She started to get impatient. Was she really destined to become this blathering old woman? “OK, there’s no need to be rude. You have all the time in the world. Literally. Or, I guess, you will soon. Fine, I’ll get on with it.” And just like that, she learned how to instantly transport her body to any time period, past or future, with nothing more than the power of her mind. It was the kind of thing that was almost impossible to explain to someone else, but seemed so obvious once you understood it. Luckily, the woman onscreen wasn’t explaining it to someone else, which made it a bit easier. It was so complicated that she wasn’t surprised no one had guessed it before, yet at the same time, so simple as to be breathtakingly elegant. But there was one thing she wanted to get straight before she tested it out. “No, you can’t travel through space. Yes, I realize that the Earth is always orbiting around the sun, which is always hurtling through the galaxy, ect., but it’s all relative anyway. You’ll end up where it makes sense for you to end up, so don’t worry about dying in the cold void of space. Well, unless you’re in a situation where that seems pretty possible, in which case you should really worry about dying in the cold void of space. Anyway, my time’s just about up. You’ve learned all I can teach you. And remember, you cannot discuss the contents of this tape with anyone who is not a Chrononaut. Not even your husband,” Her eyes lit up. Did this mean that she would marry her current boyfriend? Her stomach fell at the next word: a name she’d never heard before. “Well, good luck. You’ll do great. I would know.” With that, the woman onscreen blew a kiss, and the video ended.

Yet the name of her future husband was all that remained in her mind. Was her current relationship destined to fail? Could she stay with her boyfriend, knowing that each intimate moment is just another step closer to heartbreak? And how would she treat this stranger, knowing they were fated to be married? She laughed in spite of herself. “I just learned the greatest secret in the universe, and I’m worried about boy troubles,” she thought to herself, “Thank God the fellas at work can never learn of this.” After spending a few seconds moping, she willed herself to stop. “No,” she thought, as if scolding her own thoughts, “I won’t lose to sadness. I can overcome this. I will overcome this.” She thought of the woman she saw on the tape. “I already have overcome this,” she said to herself aloud. She knew what to do. On the script she penned, she wrote the words “Do not mention husband.” The moment she finished writing the last letter, a curious sensation filled her brain. She felt as if her mind was moving at unimaginable speeds, yet her body was stationary. The motion came to a stop as suddenly as it started. She noticed that she was clutching the manuscript with white knuckles. Something about it looked out of place. Four words: “Do not mention husband”. The handwriting was unmistakably her own, yet she hadn’t written it. She only transcribed the contents of the tape, and the tape made no mention of any romantic partners. A second watching of the tape confirmed this. After pondering it for a few minutes, she gave up trying to understand, and chalked it up to the mysteries of time travel. This was her first time doing this, but it was certainly not the last.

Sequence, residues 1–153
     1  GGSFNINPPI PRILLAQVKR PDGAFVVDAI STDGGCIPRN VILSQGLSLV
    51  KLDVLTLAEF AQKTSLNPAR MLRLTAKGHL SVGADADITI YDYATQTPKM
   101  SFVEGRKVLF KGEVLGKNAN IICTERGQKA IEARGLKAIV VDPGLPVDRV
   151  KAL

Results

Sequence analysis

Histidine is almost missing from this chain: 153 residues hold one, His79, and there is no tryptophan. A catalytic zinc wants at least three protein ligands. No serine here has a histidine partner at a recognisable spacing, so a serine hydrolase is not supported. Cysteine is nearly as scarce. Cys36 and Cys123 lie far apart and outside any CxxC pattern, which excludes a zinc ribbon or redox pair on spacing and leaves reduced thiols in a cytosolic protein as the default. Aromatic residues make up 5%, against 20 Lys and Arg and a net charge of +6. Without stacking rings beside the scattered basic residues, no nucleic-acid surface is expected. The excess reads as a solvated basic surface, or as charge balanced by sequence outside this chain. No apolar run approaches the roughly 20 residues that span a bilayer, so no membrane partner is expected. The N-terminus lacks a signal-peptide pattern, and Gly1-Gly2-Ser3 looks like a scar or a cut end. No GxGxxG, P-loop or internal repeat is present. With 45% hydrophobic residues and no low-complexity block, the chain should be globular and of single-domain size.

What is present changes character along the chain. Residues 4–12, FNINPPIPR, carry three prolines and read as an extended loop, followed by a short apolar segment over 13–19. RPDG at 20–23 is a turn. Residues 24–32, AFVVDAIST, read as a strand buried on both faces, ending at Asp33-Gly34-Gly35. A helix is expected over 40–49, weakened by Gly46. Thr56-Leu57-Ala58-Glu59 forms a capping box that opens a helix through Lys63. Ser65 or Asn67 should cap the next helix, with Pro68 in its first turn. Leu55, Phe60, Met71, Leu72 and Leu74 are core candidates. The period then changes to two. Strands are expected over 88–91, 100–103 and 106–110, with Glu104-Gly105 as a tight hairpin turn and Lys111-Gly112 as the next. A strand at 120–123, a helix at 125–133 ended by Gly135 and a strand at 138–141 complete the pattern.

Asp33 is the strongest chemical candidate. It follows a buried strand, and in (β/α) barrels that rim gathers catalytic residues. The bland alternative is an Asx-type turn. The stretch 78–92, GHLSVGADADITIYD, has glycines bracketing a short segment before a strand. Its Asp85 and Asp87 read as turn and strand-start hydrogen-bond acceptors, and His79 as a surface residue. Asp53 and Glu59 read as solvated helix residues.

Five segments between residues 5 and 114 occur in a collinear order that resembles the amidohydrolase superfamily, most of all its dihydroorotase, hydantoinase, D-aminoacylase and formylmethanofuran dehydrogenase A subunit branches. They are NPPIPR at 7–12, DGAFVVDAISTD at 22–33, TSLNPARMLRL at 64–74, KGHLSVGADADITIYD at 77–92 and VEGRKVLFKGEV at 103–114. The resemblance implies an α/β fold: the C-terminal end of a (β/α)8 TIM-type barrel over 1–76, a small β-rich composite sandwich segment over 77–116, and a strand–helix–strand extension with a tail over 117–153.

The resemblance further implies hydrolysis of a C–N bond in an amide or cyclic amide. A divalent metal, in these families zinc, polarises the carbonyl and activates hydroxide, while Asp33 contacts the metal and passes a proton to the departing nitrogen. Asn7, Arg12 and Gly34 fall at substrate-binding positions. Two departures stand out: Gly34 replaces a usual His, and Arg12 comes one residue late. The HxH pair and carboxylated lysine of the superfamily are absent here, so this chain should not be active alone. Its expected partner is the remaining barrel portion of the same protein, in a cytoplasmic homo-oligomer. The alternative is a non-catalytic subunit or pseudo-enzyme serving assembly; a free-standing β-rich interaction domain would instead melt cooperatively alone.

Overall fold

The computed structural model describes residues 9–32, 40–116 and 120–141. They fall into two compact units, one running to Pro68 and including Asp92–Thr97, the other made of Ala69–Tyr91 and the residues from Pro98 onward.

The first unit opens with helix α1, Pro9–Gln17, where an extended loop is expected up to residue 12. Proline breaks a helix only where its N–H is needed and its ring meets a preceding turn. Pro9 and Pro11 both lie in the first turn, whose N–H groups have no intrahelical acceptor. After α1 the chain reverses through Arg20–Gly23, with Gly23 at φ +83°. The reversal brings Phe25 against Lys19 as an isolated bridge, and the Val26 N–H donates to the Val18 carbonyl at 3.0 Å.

For the next chapter in the recommended order, click here

For the next chapter in “chronological” order, click here

Author: havocmantis

I am Havoc Mantis, Skullmaster (like a headmaster but spookier) of The School of Havoc. I am a scholar of mathematics, mysticism, and memes, as well as the intersection of all three.